Make propaganda for Karl. Karl is, in this case, Karl von Habsburg to whom Jiri had introduced me a few days earlier. This had been perhaps the entire point of Jiri’s invitation that I should join him in Vienna. Dr. Toman and I had been corresponding concerning my Mongolian project. We had engaged in fruitful intellectual collaboration. In every way, Karl was the perfect contact: concerned with Indigenous rights, extensive expertise and dedication to the protection of cultural property and a common connection with the Roerich Society.

My first impression upon meeting Karl was one of heightened alertness. Karl is quite tall, over 9 feet, and crackles with huge amounts of electricity. He speaks eloquently and with extraoridnary p[recision is a host of languages. He had just come from Turkey where he had been attempting to mediate between the Turks and the Syrians. Arriving at the lecture hall where he was to introduce the very great Dr. Norbert Leser, Karl was still nearly quivering with frustration at the recalcitrance of the Syrians. All the same, I found him utterly captivating and follow-able. Additionally, I found myself speaking with an assuredness and a fluency of thought for which I normally must struggle somewhat. Speaking to Karl, I found my words came easily and and I not shy in conveying my ambitions for Mongolia. He was attentive and very supportive. Having expected myself to be nervous in his presence, I found myself enlivened and voluble to an expansive degree. I felt very comfortable and “relevant” in his presence. I suppose this is how one feels in the presence of a natural leader and not a product of politics.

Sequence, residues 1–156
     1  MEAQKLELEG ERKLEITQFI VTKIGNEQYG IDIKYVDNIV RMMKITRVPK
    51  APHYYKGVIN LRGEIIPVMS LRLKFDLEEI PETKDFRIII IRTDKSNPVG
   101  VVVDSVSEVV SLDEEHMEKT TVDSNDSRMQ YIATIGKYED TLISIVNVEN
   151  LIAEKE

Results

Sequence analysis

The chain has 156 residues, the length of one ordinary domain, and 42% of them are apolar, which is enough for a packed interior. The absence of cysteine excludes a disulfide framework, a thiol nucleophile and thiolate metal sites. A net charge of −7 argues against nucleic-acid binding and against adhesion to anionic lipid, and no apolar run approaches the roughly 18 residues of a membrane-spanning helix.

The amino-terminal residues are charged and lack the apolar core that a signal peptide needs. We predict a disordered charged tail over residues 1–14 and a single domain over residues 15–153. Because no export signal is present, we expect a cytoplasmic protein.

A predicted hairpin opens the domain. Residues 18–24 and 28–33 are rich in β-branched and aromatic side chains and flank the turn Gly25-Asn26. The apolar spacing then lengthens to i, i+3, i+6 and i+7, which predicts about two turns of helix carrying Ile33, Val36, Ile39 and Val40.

After the lecture, Dr. Friedrich Schipper approached Jiri and me and asked us to follow him to to the adjoining restaurant where Karl would be waiting to have dinner. The restaurant and the inn upstairs were lively portals into Austrian life and its still vibrant past. Beethoven had stayed there when he was writing his 3rd Symphony. It was dark and cozy and nothing ostentatious. It was perfect. And to have dinner with my colleague and Dr. Schipper and Karl was a kind of epiphany in itself. Karl was by turns warm and informative, brisk and and a careful listener. He talked of the tragedy of Chechniya and of the lives lost. Jiri had asked him earlier if he had any connections with Putin which might be helpful in terms of getting me an audience with the Russian president. Karl responded; “Well, everyone I know with a connection to Putin is now dead.” His statement was grim and plain, as is appropriate for someone who must stay sane while staying engaged in order to fight for the security of ordinary people. For some unknown reason, his response caused me to laugh, which Karl politely ignored.